Our religious and spiritual perspective and obligation must be the same as that of Jesus. We must abhor violence in any form, on every level, and move to promote love, peace, forgiveness, nonviolence, harmony, and inclusion at every level of human society. In this way we create an environment where child abuse, domestic abuse, gangs, crime, wars can cease to be a part of the human experience. As a result we will have resurrected Eden and recreated heaven here on earth.

Catch the rest of this article over here.

What did you have to say?

When it comes to the parents themselves, this tends to not be a topic that people feel middle-of-the-road on. The responses tend towards one extreme or the other. And i have found that people who are defending hitting their children, tend to do so quite aggressively.

Joe Makka had these helpful words, from a teacher’s perspective:

Children also don’t have fully developed brains so getting them to understand and guide their behavior is a creative endeavor.

Jacqui Tooke had this to say:

The following reflections really shaped how I see discipline: 
“Spare the rod and spoil the child” – apparently the same word “rod” is used in the Psalm “even though I walk through the valley of the shadow of death your ROD and staff comfort me”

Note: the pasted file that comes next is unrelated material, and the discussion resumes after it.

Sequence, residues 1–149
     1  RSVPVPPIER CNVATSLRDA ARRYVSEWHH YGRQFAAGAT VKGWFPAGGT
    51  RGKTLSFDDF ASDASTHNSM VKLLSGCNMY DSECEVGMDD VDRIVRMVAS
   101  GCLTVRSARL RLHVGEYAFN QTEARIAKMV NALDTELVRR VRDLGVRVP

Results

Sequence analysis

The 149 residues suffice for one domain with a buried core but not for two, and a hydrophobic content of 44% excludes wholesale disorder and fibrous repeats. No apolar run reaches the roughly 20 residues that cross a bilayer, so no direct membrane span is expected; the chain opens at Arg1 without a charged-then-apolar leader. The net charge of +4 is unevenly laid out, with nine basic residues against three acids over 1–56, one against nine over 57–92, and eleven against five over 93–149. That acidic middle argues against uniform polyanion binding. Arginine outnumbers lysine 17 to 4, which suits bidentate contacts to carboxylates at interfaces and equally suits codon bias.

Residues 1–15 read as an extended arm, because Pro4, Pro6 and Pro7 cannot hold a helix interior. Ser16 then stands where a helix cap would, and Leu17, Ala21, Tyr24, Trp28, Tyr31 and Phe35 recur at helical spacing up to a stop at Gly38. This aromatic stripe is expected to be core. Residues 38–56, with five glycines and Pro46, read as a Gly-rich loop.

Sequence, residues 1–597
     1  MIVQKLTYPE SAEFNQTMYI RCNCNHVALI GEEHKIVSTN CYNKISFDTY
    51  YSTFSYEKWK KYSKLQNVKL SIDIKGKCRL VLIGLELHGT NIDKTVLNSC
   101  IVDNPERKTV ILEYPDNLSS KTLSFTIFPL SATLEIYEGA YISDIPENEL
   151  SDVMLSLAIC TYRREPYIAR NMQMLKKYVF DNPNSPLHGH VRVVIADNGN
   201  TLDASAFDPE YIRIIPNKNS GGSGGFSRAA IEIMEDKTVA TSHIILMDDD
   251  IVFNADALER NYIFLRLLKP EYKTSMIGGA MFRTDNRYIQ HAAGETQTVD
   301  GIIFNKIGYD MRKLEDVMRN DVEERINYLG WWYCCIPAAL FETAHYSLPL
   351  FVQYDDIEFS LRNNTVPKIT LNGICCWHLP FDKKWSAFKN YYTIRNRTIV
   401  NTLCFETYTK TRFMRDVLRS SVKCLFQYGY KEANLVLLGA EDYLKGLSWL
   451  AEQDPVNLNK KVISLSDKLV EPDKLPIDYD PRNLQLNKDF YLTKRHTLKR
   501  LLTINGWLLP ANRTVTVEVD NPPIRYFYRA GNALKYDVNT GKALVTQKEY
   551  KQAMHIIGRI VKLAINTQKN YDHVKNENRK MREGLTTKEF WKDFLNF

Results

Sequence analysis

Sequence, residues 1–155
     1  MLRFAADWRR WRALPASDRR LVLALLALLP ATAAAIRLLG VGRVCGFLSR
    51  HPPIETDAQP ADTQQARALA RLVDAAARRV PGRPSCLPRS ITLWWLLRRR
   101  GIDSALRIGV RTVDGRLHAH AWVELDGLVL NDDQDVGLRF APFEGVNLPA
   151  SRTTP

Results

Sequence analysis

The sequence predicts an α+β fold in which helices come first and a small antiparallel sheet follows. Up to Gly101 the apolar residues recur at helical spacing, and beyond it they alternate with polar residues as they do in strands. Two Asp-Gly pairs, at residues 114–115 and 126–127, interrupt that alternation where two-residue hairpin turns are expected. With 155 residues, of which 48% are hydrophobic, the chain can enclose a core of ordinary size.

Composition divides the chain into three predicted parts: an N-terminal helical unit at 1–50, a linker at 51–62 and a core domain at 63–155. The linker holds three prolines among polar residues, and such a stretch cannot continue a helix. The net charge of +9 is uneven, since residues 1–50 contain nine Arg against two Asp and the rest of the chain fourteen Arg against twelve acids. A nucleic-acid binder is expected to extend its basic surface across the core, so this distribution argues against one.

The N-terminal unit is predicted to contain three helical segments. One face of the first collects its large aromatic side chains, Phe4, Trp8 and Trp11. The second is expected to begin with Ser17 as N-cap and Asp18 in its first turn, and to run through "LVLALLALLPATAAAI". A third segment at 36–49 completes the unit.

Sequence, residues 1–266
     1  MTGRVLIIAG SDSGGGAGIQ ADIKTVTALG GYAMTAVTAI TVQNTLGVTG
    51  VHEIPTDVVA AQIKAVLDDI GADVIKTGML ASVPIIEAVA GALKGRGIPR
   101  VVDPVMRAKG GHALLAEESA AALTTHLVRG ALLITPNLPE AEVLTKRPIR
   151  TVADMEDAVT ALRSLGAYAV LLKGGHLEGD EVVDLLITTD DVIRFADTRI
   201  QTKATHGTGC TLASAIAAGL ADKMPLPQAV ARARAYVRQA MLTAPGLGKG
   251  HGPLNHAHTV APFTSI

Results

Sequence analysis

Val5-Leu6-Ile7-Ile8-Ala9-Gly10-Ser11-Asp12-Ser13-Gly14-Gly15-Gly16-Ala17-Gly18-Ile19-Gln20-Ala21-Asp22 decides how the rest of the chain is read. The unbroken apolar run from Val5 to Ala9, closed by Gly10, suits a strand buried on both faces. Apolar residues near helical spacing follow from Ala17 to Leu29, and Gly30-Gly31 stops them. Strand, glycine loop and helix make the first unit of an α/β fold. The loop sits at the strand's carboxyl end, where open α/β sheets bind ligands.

The reflection on this verse is this: The Shepherd used the rod as a form of protection against the wolves and other enemies not on the sheep!” 

Another reflection that has shaped my parenting: “discipline” comes from the word “disciple” and not from the word “punish”. How Jesus discipled his disciples is a model for how we discipline our children. 

This is a very sensitive and personal decision. There are very different views on smacking. At the end of the day I think all parents are really trying their best, with the most sincere desire to see their children become the most well-adjusted people.

Stephanie Wainright added these thoughts:

I think the biblical advocacy for spanking needs some further explanation and exploration. I feel this is used as justification for hitting children. “The rod” on our day can be a different form of discipline but I don’t think people think about it that way.